Astrophotography - hobby with nice views and lots of hardware
Next day and another PC hardware benchmark, product rumor or new CPU specifications, not to mention some OS updates and so forth. But there is PC technology and software that can see and study places where no man has gone before. I would want to showcase to you astrophotography in a hobby form factor. 10 nm may be a cool thing, but 628 743 036 kilometers definitely has more mystery to it.
If you are curious, check out the rest of the article and the photos as well, who knows, maybe you will try it yourself?
As the name suggests - it's photographing of astronomical objects by non-astronomers for fun and/or science. You can photograph the Moon, planets like Venus, Mars, Jupiter, Saturn or other Solar System objects like comets or going far far away - so called
deep space objects like galaxies,
clouds of gas called nebulae, or various star formations like globular clusters and more. Since the debut of CCD imaging sensors in webcams and affordable DSLR amateur astrophotography went through a lot and now is a high tech hobby while not being elitist and expensive to start with. You can but you don't have to have a telescope to do some of those photographs.
Astrophotography can be a cool hobby, but also has a scientific value to it. As professional observatories are usually saturated with more work they can handle there is a lot of Space for amateurs to look for unexpected events. There are comets named after their discoverers that found them from their back yard. Sometimes Hubble Space Telescope or big telescopes at the Keck Observatory may be put into high alert when
amateurs capture asteroid impacting Jupiter (which for small asteroids is a few second flash of light somewhere on the photographed planetary disc).
You can find a lot of beautiful astronomical images on the web, like on astrobin.com. I've added some of mine images in this article, although they won't be as refined as many images you will find on astrobin. Keep in mind that
pretty astrophotos don't come in easy and require a lot of work to pull off.
Planetary or lunar and solar astrophotography is quite unique. Most of those objects are very bright but also very small. Without a telescope you will see planets as if they were bright stars. To see the planet - like surface of Mars or clouds of Jupiter you will need a telescope, and a large one for bigger effect. Sun or Moon are way bigger and even a DSLR with a lens can show some features on their surface - although for solar imaging you must use special solar filters (like Baader AstroSolar) to make it safe - for your camera and for you eyes when doing visual observing.
You can setup a DSLR on a tripod, set appropriate exposure, focus and take a photo of the Moon. But to get some high resolution details or to take planetary photographs you will need a telescope. I'll skip
how to pick a telescope? in this article as there is a lot of guides on that topic and a large community willing to help. I want to showcase what is possible and what technology and hardware lies behind it. What's interesting about planetary photography is that you record a video clip of it. Planets are bright enough that a planetary camera can record at like 30 - 100 frames per second with good image quality. It's similar to consumer video cameras just that the video data is lossless 8-bit with no compression.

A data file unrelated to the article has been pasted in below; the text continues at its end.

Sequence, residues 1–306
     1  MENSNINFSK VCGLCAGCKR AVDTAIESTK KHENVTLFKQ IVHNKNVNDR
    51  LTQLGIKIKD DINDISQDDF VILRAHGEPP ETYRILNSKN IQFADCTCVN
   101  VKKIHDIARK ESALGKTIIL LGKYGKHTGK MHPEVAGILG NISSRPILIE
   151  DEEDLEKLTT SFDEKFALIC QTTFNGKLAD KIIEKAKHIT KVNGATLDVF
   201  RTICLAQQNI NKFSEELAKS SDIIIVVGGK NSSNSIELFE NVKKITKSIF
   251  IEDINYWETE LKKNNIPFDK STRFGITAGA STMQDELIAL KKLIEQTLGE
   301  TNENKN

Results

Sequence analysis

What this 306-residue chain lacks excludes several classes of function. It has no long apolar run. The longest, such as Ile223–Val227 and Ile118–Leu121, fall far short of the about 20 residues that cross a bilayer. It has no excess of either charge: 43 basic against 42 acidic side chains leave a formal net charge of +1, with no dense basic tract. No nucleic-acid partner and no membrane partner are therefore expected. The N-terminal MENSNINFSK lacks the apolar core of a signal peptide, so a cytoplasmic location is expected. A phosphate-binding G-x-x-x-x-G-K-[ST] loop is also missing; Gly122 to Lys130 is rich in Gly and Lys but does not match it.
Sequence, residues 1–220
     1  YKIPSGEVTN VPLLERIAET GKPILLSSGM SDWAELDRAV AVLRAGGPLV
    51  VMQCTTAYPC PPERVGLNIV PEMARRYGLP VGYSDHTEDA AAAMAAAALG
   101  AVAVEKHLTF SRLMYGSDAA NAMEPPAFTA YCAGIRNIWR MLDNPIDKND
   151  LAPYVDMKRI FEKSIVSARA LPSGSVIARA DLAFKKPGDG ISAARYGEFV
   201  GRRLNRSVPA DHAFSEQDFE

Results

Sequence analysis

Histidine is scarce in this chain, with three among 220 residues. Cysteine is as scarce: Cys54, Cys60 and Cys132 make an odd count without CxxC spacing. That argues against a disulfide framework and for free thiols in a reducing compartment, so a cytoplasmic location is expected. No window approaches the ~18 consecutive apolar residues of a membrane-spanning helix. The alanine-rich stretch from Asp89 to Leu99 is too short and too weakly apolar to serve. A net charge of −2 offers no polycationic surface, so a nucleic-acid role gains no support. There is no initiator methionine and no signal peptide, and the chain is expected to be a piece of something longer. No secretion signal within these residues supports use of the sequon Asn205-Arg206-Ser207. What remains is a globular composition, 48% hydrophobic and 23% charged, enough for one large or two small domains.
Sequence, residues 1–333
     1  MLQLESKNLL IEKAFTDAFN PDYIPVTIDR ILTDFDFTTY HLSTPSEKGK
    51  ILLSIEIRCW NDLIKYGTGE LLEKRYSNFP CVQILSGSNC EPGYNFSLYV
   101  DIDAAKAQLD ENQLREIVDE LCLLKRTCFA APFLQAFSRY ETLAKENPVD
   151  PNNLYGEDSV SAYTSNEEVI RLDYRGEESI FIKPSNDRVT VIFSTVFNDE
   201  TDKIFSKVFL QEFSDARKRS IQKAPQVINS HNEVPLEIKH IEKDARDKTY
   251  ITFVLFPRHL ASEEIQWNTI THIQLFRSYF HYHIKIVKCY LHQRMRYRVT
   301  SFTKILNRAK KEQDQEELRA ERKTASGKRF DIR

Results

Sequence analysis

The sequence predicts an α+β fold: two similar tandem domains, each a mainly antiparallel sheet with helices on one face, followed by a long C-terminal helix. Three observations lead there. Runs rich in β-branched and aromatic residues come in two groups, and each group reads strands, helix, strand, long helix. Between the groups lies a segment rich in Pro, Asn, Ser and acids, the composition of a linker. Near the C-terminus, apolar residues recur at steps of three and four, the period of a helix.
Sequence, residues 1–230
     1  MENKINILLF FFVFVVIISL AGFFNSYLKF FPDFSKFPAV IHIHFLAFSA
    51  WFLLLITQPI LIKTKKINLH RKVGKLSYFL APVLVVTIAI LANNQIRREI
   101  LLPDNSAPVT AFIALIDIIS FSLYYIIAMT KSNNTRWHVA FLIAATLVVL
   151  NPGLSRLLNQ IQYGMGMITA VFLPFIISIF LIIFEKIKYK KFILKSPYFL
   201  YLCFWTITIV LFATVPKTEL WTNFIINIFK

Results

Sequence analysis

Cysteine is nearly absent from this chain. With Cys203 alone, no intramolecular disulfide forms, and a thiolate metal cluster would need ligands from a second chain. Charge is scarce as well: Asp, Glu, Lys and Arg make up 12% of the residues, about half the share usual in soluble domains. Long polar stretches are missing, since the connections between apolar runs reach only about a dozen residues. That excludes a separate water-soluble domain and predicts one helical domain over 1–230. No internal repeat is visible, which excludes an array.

Sun through a H-alpha solar telescope photographed by a mono camera
White light Baader AstroSolar filter allows observing and photographing Sun spots.
The goal of a planetary video clip is to pick and stack good quality frames and get a result image of much better signal to noise ratio than a single frame - resolution given by a planetary telescope is so large that air currents in our atmosphere blur and wobble the image and in a short period of time there will be moments when the planet is clearly visible and when it looks quite distorted. Stacking software analyzes every frame from the video, picks the best one and then stacks them into one final image (with proper alignment of each frame). Normal daytime photograph may look clear from any noise but when you are photographing Jupiter that at best is 628 743 036 km away from you and not as bright as full daylight - you have to use high camera gain that will add a lot of digital noise to each frame.
Image stacking is the core concept of astrophotography. It can be done with
normal photography as well, but it's not needed. Deep space objects tend to stay the same across years, while a planet on a 1-3 minute video clip will not rotate around it axis that much and so the only variable between frames will be noise. Stacking increases signal that will repeat on every frame and evens out signal that will not be present. Noise is random and so it will not get as amplified as the photographed object. The math is that signal to noise ratio (SNR) increases by a square root of amount of stacked frames.
Fragment of Moon recording
Fragment of Jupiter recording